When Judas received the morsel, the devil entered into him. It is a terrible thing that what was meant to be love's appeal became hate's dynamic. That is what the devil can do. He can take the loveliest things and twist them until they become the agents of hell. He can take love and turn it into lust; he can take holiness and turn it into pride; he can take discipline and turn it into sadistic cruelty; he can take affection and turn it into spineless complacence. We must be on the watch so that in our lives the devil never warps the lovely things until he can use them for his own purposes.
Judas went out--and it was night. John has a way of using words in the most pregnant way. It was night for the day was late; but there was another night there. It is always night when a man goes from Christ to follow his own purposes. It is always night when a man listens to the call of evil rather than the summons of good. It is always night when hate puts out the light of love. It is always night when a man turns his back on Jesus.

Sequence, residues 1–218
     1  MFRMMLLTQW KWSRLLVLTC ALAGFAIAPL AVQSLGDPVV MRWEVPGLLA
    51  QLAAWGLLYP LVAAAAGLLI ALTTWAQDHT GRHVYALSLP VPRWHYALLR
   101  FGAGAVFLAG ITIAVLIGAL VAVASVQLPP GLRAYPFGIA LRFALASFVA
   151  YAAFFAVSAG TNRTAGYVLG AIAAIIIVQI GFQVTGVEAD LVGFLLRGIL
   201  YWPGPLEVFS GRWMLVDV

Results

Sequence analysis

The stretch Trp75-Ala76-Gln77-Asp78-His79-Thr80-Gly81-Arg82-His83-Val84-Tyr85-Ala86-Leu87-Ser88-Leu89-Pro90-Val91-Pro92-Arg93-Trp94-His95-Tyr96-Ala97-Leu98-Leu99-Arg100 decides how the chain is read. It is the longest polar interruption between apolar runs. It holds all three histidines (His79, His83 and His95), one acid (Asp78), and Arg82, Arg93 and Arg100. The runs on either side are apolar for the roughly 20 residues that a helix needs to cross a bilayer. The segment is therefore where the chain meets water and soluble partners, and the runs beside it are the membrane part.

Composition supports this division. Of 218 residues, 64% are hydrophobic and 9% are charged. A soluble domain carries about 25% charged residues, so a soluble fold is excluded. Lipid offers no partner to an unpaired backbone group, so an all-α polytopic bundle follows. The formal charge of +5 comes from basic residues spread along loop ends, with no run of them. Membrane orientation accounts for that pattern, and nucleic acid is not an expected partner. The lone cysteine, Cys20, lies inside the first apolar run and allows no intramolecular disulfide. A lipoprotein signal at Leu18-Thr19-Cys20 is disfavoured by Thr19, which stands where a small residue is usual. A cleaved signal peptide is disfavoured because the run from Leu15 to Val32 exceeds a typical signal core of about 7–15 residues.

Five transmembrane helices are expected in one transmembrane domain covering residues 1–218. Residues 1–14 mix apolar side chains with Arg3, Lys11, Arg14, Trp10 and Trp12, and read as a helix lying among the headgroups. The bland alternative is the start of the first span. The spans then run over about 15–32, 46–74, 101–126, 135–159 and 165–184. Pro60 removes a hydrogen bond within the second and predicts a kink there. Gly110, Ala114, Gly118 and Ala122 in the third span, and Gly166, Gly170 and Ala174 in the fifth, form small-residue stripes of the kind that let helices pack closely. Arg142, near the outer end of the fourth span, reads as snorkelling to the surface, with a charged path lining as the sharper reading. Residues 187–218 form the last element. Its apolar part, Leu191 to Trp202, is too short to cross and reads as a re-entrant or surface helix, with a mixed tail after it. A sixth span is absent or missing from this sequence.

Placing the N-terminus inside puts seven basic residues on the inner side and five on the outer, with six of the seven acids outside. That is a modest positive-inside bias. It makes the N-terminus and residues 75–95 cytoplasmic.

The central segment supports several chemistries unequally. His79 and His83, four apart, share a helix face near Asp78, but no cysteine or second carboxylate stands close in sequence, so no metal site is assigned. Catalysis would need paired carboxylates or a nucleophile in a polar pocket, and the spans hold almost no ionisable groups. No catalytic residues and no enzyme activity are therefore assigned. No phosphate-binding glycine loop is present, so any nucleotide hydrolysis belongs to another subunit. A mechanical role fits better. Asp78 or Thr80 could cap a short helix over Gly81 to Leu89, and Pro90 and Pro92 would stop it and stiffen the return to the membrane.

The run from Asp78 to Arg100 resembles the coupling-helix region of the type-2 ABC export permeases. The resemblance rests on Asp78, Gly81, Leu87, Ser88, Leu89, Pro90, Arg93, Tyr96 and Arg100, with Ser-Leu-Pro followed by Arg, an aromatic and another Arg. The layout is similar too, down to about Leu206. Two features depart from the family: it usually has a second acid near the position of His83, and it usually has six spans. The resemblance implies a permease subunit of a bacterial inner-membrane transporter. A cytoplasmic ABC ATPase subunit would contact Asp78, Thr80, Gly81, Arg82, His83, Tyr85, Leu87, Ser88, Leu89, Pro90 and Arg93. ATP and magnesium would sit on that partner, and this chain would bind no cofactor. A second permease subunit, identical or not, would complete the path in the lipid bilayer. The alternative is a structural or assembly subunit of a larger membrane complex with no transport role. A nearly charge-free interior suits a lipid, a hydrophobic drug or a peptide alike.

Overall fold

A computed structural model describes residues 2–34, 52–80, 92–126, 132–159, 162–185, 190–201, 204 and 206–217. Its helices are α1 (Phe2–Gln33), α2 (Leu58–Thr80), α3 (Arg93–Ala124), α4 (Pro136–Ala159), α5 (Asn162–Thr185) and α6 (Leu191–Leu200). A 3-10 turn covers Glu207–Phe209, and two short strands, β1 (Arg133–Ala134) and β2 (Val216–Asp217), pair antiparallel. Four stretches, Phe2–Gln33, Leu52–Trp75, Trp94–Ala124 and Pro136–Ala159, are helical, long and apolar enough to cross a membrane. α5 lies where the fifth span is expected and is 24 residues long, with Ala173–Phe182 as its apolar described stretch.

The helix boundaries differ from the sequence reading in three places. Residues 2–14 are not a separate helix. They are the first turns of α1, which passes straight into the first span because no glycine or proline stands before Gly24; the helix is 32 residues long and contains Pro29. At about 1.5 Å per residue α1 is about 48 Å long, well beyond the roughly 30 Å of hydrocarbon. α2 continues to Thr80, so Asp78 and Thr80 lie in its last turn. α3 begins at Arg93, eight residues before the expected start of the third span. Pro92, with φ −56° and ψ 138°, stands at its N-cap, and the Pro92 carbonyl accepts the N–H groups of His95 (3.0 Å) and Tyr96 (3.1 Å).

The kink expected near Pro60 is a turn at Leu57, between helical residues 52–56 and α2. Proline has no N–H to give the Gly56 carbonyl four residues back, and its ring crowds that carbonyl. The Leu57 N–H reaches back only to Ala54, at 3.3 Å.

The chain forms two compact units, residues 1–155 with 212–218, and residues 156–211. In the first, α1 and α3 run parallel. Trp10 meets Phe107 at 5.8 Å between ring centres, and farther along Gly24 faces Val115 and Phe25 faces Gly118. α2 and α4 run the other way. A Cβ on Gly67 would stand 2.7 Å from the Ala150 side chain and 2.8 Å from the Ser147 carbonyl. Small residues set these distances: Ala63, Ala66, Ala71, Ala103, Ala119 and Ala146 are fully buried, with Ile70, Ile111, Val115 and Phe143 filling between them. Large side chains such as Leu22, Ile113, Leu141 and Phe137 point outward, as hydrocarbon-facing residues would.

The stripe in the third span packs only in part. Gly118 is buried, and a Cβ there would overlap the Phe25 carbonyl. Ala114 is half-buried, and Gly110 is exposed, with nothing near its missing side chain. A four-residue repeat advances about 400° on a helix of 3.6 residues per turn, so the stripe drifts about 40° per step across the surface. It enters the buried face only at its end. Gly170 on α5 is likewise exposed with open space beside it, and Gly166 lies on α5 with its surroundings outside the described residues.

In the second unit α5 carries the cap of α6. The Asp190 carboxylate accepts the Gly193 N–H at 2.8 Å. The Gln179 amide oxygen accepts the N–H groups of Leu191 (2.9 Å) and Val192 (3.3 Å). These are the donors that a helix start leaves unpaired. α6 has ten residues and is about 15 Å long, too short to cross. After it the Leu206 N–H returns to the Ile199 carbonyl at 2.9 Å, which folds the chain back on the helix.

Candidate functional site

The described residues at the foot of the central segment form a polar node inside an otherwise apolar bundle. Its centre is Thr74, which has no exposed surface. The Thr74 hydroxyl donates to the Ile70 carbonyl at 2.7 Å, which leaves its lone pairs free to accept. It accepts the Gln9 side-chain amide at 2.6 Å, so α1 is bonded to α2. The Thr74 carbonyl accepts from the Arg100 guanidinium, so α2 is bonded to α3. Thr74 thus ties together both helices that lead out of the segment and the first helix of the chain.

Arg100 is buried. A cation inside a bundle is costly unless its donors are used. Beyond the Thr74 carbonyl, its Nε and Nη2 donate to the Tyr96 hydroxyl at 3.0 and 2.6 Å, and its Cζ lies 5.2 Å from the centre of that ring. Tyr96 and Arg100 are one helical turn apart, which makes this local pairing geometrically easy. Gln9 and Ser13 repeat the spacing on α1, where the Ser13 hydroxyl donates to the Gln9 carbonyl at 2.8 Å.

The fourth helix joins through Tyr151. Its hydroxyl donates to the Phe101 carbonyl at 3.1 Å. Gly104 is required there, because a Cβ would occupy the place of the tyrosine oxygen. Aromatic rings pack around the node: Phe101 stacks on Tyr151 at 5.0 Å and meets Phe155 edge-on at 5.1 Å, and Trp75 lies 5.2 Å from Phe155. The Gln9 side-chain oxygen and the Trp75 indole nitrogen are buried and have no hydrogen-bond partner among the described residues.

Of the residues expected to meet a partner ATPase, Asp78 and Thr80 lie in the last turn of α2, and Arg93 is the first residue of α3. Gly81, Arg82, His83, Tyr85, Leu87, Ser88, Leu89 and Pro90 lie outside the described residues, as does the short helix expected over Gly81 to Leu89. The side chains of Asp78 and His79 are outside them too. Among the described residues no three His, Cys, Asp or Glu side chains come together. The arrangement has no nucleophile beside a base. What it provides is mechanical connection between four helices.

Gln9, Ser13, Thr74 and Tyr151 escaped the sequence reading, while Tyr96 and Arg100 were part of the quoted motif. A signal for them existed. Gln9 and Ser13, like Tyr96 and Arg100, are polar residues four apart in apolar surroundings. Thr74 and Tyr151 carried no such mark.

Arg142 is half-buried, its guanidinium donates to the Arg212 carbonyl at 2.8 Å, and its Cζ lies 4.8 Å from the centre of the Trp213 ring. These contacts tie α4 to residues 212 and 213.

If we submit ourselves to Christ we walk in the light; if we turn our backs on him we go into the dark. The way of light and the way of dark are set before us. God give us wisdom to choose aright--for in the dark a man always goes lost.
THE FOURFOLD GLORY (John 13:31-32)
13:31-32 When Judas had gone out, Jesus said: "Now the Son of Man has been glorified, and God has been glorified in him; and now God will glorify himself in him; and he will glorify him immediately."
This passage tells of the fourfold glory.
(i) The glory of Jesus has come; and that glory is the Cross. The tension is gone; any doubts that remained have been finally removed. Judas has gone out, and the Cross is a certainty. Here we are face to face with something which is of the very warp and woof of life. The greatest glory in life is the glory which comes from sacrifice. In any warfare the supreme glory belongs, not to those who survive but to those who lay down their lives. As Laurence Binyon wrote:
"They shall grow not old, as we that are left grow old: